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Bar Talk: The Artist

Posted on  | June 5, 2012   Bookmark and Share
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Perez Klebahn of Rain’s Fun House in Baltimore, MD

Visitors don’t flock to the American Visionary Art Museum just to scope out wacky exhibitions like All Things Round: Galaxies, Eyeballs & Karma. They are also compelled to dine at the equally playful Mr. Rain’s Fun House, where Perez Klebahn serves offbeat wines and makes dynamic cocktails that are as much a draw as chef Bill Buszinski’s food.

THE BEVERAGE NETWORK: I don’t think we can talk about Mr. Rain’s Fun House without delving into the theme of art. How do you think the museum setting influences you?

PEREZ KLEBAHN: There certainly is an undeniable energy being housed in an art museum. Everything from the décor to the restaurant’s name is influenced by the museum. I’ve always appreciated whimsy as an approach to a menu, and my surroundings certainly beckon for that.

TBN: This would be a good time to discover your take on cocktails as an art form.

PK: I believe what we do behind the bar is a craft, an application of knowledge and convention fueled by the excitement of breaking that convention or reapplying that knowledge. In the end I want to tell a story, whether in the construction of a classic recipe, by a combination of exotic spirits or via a completely new method. It all depends. But in the end every bar patron deserves a good story, whether from the bartender or in the glass. Unfortunately, I’ve never kept a supply of good jokes.

TBN: You are also extremely passionate and knowledgeable about wine. How do you think it impacts your vision of spirits and vice versa?

PK: Wine asks me to be the disciplined student while cocktails are my garage band. However, both worlds are completely vital to our beverage program. When I build any wine list I am looking for terroir-driven wines and their application to the chef’s menu. When we produce a cocktail, it follows suit. I look for flavor profiles that complement or contrast, and I consider the textures and origins of the ingredients going into the recipe. My checklist is certainly anchored in wine appreciation. That being said, there are numerous craft spirits best appreciated solo and not manipulated into a recipe, very befitting of fine wines.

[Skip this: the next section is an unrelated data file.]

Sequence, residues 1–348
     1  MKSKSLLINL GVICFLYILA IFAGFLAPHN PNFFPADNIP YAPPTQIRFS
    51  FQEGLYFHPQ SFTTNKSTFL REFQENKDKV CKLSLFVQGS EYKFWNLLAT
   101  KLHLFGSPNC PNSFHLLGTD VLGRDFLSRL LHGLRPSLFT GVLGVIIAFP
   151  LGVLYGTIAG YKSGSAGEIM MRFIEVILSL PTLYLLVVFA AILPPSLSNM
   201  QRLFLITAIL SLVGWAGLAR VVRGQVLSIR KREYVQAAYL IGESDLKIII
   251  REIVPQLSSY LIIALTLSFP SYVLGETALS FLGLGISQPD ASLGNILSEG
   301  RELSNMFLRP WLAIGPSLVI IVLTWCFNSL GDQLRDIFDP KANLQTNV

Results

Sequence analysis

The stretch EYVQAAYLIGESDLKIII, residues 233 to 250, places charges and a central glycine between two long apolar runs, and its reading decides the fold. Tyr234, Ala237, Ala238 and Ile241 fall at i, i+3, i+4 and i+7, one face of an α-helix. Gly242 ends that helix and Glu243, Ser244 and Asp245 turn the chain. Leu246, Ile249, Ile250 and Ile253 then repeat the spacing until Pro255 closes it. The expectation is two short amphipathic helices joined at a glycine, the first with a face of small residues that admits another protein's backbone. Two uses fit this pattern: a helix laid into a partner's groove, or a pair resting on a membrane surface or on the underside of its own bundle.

TBN: You spent many years in New York. What has been the biggest challenge adjusting to Baltimore’s cocktail scene?

PK: When we opened in 2009, I was slightly apprehensive about how the market would respond. I opened with what I thought was a very approachable menu, consisting of infused spirits, classic renditions and a variety of bitters—pretty staple components of a good bar and only a seed of what we’re doing now. Some of our guests were perplexed (if not angry) why we served our cocktails in coupe glasses as opposed to oversized martini glasses, why we used jiggers and why we were mixing their beer into a cocktail shaker.

Baltimore considers itself a great drinking city. However, the biggest hurdle is that so many patrons have not had the opportunity to drink well because the market has been limited for so long. My thrill is to provide that exposure. Most patrons are open to discussing what’s in their glass once given the chance.

TBN: What new cocktails are you making right now that have you particularly smitten?

PK: We are about to launch our first barrel-aged cocktails from original recipes featuring mezcal, infused grappa and vermouth, and have a series of bottled cocktails slated for the summer menu. What I’m really excited about is our breakfast cereal–infused Ramos Gin Fizz; takes us right back to our Saturday morning cartoons, minus the booze.

TBN: I hear you throw events where you pair cocktails with Chef Buszinski’s food. Do tell.

PK: When Chef Buszinski and I discuss upcoming menus, the conversation usually ends with me raiding his walk-in or him behind my bar. In the past we have collaborated on event menus featuring Prohibition-era fare and libations, pork and American whiskey and most recently a Latin-influenced menu and mezcal cocktails. Truthfully, these events are a chance for us to take what we do every day only with more delineated parameters.


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